Consumers who were forced to conduct their lives online via video chats are now changing their behaviour to engage with digital worlds and communities, Ms. Angus said. Virtual concerts, sales of nonfungible tokens and dressing avatars are behaviours that consumers are tapping into, and some companies are meeting them there, the research firm said. “Any business can’t afford not to be thinking about this,” Ms. Angus said. “Because it is happening and consumers are going there.”

Secondhand loses the stigma

Buying items secondhand is no longer stigmatized. It has become a sought-after option for consumers who want to have unique items or are shopping on a budget. Options such as gift cards or buyback programs that promote secondhand shopping behaviours from consumers are winning them over. Companies should meet this demand by addressing consumers who want to bring in older versions of items and receive a voucher or repair them in-store, Ms. Angus said.

City residents opt for suburban and rural perks

People who stayed in cities and didn’t flee to the suburbs during the pandemic now want some of the advantages of living outside a city, such as having access to green spaces. Others want more services closer to their homes, with many still working from home, the research firm said. Companies should aim to bring shops and services closer to them that don’t require a train or car ride. “Making everything accessible to consumers within 15 minutes,” Ms. Angus said.

Indulgence in self-care and happiness

Fifty-six per cent of consumers expect to be happier in the next five years, the firm stated. To reach that nirvana, people are buying products that help their mind and body, such as cannabis products or meditation courses. Personalized shopping experiences that can predict a consumer’s needs will become a key component in reaching these people, Ms. Angus said.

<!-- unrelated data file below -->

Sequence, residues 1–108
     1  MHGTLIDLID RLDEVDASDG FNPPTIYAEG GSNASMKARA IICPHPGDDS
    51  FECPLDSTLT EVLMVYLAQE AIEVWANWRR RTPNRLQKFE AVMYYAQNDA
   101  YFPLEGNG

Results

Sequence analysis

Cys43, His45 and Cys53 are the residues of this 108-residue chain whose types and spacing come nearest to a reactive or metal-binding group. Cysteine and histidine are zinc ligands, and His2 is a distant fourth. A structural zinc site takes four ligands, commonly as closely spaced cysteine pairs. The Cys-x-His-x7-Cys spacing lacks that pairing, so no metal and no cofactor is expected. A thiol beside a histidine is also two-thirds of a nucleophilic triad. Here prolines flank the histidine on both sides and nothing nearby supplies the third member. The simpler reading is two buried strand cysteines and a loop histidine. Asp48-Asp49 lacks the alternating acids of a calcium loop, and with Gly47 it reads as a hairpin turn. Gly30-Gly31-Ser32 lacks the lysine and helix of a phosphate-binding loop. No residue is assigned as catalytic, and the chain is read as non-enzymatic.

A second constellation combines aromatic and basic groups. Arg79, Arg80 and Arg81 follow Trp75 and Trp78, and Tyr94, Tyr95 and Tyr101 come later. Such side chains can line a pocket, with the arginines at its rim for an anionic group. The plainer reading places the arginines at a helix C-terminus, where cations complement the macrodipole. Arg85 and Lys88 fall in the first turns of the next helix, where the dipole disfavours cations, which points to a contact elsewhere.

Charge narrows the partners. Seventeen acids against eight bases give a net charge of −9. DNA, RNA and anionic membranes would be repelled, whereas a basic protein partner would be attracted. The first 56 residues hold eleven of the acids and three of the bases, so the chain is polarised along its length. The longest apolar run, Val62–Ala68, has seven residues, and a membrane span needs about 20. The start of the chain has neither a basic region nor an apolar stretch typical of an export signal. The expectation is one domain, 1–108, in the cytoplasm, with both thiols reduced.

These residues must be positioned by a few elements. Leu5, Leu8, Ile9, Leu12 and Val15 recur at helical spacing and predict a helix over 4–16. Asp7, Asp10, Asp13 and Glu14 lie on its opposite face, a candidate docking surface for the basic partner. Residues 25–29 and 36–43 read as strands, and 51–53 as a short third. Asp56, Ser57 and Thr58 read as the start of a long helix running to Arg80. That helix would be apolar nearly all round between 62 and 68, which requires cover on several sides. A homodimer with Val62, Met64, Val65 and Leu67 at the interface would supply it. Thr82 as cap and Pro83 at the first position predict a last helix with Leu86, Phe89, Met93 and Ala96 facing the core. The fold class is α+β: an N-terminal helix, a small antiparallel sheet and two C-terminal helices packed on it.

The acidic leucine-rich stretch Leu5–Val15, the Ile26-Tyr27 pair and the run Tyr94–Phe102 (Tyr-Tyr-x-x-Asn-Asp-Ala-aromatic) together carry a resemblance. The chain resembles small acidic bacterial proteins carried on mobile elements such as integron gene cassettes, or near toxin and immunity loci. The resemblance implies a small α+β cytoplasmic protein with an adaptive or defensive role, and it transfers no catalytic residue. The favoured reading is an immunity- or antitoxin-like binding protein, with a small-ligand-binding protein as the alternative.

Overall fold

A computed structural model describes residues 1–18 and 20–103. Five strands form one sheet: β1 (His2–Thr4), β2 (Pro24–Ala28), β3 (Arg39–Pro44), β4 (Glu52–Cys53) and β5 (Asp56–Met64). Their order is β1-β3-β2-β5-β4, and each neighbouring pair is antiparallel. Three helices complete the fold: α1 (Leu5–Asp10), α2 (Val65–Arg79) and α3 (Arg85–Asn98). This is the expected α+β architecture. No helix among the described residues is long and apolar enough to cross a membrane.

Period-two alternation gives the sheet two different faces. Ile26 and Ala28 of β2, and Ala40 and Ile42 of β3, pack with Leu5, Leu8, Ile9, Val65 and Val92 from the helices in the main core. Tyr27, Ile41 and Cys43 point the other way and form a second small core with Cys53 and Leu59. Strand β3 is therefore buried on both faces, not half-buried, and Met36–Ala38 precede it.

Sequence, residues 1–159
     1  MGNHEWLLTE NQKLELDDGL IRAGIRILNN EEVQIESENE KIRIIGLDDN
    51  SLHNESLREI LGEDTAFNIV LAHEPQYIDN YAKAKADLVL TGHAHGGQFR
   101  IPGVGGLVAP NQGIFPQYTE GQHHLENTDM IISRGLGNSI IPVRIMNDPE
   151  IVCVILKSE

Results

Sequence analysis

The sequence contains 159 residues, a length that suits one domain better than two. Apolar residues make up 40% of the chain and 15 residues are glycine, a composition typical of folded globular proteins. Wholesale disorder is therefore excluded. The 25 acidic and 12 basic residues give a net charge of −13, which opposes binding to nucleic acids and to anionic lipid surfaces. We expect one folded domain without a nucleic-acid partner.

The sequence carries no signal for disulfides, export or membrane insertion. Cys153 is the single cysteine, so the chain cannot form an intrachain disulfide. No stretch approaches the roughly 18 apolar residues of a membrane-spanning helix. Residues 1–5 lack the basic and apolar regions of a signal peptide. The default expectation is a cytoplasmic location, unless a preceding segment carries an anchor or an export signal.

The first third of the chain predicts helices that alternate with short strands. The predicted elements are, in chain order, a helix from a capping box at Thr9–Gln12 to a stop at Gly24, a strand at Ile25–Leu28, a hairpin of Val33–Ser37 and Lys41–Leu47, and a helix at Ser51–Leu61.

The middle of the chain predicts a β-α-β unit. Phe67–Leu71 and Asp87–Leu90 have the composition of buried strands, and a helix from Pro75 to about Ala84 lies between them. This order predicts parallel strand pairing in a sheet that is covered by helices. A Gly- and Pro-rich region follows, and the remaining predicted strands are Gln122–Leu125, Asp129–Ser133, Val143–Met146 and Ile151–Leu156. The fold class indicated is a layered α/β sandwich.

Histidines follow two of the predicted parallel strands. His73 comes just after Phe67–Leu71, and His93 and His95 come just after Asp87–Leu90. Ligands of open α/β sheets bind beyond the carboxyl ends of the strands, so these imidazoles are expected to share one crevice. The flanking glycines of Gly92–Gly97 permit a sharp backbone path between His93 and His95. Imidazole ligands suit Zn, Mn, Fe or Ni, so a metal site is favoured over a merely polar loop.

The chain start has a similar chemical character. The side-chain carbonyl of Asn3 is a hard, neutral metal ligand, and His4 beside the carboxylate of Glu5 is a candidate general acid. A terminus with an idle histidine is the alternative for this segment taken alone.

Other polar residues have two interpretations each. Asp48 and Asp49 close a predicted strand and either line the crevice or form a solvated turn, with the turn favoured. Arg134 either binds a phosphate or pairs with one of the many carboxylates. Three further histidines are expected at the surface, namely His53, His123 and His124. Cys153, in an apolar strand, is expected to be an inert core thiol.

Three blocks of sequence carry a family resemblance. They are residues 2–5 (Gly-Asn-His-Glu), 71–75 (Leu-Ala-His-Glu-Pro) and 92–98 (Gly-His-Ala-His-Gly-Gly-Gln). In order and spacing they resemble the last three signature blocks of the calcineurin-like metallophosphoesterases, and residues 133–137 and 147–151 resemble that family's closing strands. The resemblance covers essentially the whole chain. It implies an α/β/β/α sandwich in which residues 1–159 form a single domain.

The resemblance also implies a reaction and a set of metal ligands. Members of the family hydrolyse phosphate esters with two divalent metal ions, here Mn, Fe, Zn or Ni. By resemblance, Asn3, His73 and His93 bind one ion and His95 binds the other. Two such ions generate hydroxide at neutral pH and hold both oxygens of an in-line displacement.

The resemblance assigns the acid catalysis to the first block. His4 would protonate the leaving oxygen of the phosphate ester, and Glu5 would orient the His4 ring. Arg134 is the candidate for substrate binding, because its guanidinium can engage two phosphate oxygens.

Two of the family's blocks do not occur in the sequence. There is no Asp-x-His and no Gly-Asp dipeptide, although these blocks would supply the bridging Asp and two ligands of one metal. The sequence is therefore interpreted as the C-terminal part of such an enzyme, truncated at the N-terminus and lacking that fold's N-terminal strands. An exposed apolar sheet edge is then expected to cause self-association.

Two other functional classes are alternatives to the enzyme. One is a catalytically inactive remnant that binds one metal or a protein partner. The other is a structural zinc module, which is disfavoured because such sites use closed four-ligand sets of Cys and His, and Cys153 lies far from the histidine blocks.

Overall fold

Hybrid approaches to socialization

As the pandemic continues, consumers are becoming fragmented: those who want to go back to their normal lives and engage in social activities, and those who remain cautious. This means hybrid possibilities, such as digital visits or waiving cancellation fees, can address the needs of different consumers, the firm said. Products and services need to become multifaceted and seamless to serve this split consumer base, Ms. Angus said.

Reprinted by permission of The Wall Street Journal, Copyright 2021 Dow Jones & Company. Inc. All Rights Reserved Worldwide. Original date of publication: January 17, 2022.



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Should AI Have Access to Your Medical Records? What if It Can Save Many Lives?

We asked readers: Is it worth giving up some potential privacy if the public benefit could be great? Here’s what they said.

By DEMETRIA GALLEGOS
Tue, May 28, 2024 4 min

We’re constantly told that one of the potentially biggest benefits of artificial intelligence is in the area of health. By collecting large amounts of data, AI can create all sorts of drugs for diseases that have been resistant to treatment.

But the price of that could be that we have to share more of our medical information. After all, researchers can’t collect large amounts of data if people aren’t willing to part with that data.

We wanted to see where our readers stand on the balance of privacy versus public-health gains as part of our series on ethical dilemmas created by the advent of AI.

Here are the questions we posed…

AI may be able to discover new medical treatments if it can scan large volumes of health records. Should our personal health records be made available for this purpose, if it has the potential to improve or save millions of lives? How would we guard privacy in that case?

…and some of the answers we received. undefined

Rely on nonpartisan overseers

While my own recent experience with a data breach highlights the importance of robust data security, I recognise the potential for AI to revolutionise healthcare. To ensure privacy, I would be more comfortable if an independent, nonpartisan body—overseen by medical professionals, data-security experts, and citizen representatives—managed a secure database.

Anonymity cuts both ways